Those three little letters mushed together have become the bane of my existence. Thanks to the social weavings of the interwebz, I am perpetually blasted in the face with times new roman why me’s. Above all the whining and the pouting and the griping, is that little nugget of darkness. That devilish declaration of dismay. The abbreviation: FML.
Initially, I had no clue what the letters stood for. Deep within the core of my existence, I knew I was better off not finding out. But, part of me was intrigued. I sensed there might be humor in this little abbreviation. And part of me felt old. Like I didn’t want to be left out of the new, young, hip, social thing. Like the way my parents feel about email. And how they type with two fingers. So, like any person who wants an answer but is embarrassed to admit their lack of knowledge by asking the question, I googled it. What I discovered, left me slightly disturbed.
My mild irritation over the now ever present abbreviation for f* my life has snowballed into a passionate case of soapboxtion. The affliction causes such symptoms as nose flaring, temple vein pulsing and a hearty case of word vomit.

The thing is, how can life be so terrible that you choose to write fml for all to see? From your computer. That has internet access. Or, heaven forbid, you have to use the tiny keyboard on your iPhone and fight your auto correct. It’s probably safe to say you had a roof over your head this morning. Your electricity most likely is running. And, I might be totally out there on this one, but you’re alive to complain about it all.

On one hand, I see people with their laundry lists of what went wrong with the day, or what they had to do that was absolutely no fun, and then they leave it at that. Are they complaining? Sure. Is it annoying? Yeah. But they’re leaving room for something positive. It’s in there between the words. They might not see it, but I do. On the other hand, you have these same declarations of woe followed by the universal exclamation for show me how my life could get worse. A textual prayer for the other shoe to drop.

When did we become a society that instead of celebrating the things we are grateful for, complains about the things we don’t have, won’t have, or can’t have. When did we stop recognizing that waking up in the morning is a gift, not a right? And when did we decide it is perfectly okay and quite possibly entertaining to exclaim fml because we got a flat tire?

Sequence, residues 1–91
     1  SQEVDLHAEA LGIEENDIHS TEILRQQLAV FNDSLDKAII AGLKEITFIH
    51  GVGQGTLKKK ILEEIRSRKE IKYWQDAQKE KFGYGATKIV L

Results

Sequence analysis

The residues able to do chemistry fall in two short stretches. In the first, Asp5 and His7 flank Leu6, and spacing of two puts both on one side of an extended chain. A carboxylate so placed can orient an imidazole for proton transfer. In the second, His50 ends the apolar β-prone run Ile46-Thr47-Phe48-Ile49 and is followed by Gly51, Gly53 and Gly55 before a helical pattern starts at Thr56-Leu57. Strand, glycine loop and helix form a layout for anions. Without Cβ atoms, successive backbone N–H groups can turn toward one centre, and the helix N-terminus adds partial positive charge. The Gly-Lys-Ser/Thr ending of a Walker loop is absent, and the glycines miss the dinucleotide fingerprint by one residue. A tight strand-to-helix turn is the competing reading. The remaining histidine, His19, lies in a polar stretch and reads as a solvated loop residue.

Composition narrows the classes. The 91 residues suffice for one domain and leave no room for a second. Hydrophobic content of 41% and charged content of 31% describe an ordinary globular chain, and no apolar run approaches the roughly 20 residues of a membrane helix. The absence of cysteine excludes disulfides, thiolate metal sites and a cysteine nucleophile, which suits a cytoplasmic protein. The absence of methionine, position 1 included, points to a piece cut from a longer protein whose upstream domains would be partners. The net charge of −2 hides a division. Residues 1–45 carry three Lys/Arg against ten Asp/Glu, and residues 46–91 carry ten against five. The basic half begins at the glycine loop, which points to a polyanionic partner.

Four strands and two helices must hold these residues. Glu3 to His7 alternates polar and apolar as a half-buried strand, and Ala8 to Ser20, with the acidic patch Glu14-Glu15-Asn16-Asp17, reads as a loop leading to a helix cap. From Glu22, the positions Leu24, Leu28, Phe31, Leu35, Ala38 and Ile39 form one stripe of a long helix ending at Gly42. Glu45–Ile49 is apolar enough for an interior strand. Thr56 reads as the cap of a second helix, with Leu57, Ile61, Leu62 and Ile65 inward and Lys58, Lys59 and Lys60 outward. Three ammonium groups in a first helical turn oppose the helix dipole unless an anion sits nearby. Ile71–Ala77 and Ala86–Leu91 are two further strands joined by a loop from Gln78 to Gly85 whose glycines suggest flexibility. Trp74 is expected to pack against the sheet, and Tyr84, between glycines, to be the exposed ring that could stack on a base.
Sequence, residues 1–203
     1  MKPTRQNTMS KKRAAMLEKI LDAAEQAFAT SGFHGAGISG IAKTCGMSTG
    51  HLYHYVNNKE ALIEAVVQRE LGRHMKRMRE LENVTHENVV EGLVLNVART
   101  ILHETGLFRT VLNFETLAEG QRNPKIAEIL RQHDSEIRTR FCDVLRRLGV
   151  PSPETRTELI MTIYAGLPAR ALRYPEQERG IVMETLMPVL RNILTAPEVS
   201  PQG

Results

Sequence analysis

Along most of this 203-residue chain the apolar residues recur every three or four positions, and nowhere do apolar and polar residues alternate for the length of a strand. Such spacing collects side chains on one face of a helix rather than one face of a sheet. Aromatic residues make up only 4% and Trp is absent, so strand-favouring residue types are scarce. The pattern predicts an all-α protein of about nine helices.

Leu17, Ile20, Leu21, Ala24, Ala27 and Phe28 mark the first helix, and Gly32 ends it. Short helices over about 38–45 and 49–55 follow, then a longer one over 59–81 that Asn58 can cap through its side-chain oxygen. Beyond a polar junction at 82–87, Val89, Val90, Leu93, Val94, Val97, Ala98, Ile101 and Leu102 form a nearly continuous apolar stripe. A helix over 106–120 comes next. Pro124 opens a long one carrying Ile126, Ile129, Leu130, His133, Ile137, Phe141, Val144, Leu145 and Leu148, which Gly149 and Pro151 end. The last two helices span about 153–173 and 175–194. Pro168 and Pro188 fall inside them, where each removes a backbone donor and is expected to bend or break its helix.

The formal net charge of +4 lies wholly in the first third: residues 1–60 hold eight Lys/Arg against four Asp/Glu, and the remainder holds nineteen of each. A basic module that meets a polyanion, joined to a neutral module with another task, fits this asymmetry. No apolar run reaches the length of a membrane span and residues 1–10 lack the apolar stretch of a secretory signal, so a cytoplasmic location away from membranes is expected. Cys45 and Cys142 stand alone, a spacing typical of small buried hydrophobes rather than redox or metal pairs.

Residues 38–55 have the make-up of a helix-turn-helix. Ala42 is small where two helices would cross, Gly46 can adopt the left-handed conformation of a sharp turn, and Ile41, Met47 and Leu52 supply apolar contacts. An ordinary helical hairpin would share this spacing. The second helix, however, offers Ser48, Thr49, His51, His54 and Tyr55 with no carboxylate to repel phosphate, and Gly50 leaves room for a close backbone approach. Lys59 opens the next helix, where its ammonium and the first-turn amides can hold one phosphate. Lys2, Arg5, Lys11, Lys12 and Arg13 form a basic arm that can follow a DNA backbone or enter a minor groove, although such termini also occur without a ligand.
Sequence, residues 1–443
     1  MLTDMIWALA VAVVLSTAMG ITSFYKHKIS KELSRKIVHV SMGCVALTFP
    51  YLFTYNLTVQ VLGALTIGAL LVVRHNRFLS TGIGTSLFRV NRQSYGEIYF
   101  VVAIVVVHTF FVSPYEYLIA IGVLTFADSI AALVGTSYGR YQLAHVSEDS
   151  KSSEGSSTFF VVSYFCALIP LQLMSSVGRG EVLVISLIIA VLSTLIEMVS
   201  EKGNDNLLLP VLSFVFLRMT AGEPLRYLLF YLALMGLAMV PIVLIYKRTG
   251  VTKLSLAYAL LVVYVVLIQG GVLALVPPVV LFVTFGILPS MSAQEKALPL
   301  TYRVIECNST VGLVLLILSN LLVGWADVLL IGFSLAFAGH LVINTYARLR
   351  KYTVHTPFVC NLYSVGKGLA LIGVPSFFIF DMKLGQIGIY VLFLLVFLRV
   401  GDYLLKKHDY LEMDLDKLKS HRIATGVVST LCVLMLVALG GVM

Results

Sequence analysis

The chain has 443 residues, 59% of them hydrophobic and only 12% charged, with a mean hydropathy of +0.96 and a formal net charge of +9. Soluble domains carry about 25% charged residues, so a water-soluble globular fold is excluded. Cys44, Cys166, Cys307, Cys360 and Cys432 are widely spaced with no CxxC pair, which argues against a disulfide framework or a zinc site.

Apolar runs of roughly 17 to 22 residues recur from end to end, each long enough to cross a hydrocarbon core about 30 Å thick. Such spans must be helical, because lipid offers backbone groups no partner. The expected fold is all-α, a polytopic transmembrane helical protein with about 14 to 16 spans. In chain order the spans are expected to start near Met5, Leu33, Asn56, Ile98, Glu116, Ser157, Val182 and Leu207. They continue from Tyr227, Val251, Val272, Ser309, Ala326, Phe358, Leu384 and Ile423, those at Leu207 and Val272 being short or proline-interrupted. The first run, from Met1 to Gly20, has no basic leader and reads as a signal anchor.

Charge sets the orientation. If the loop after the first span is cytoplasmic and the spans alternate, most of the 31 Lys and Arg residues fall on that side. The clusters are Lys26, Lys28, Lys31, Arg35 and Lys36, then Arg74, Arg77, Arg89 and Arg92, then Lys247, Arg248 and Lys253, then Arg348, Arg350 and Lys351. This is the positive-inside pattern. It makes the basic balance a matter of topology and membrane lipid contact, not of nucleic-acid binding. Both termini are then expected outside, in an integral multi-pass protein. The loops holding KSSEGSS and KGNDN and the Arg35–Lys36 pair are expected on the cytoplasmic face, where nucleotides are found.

Those three letters, lined up so haughtily. So antagonizing. They make my skin crawl. Every time I see them, I instantly think of five things that the person should be thankful for. Five things that could go wrong from the beginning of that sentence they wrote to the pressing of the share button. It makes me feel dirty. Not only am I judging, which makes me feel negative, but in a way, I am subconsciously wishing to make things worse for that person. To me, writing fml is asking for things to get worse. And I cannot help but let that thought pass my mind at every status turn.

I want to be that annoying person who leaves comments like, “glad to see you’re breathing today!” or “hey, be thankful you aren’t confined to a wheelchair having a stranger change your diaper,” but I don’t. It is socially acceptable to complain. It is socially unacceptable to be a pollyanna and point out the silver lining on everyone else’s black cloud of a day. Our priorities are strangely skewed.

With age comes responsibility. With responsibility comes consequence. And we all know consequence can be a huge thorn in the rump of happiness. But the beautiful thing about today is that it leads in to tomorrow. Which, although isn’t promised to you, has the potential to be better than whatever is bringing you down now. Life is a privilege, a gift. And if you find yourself still living it when the bad stuff happens, just remember, life isn’t afraid to take things back.

You can read more from April Gollehon on her blog.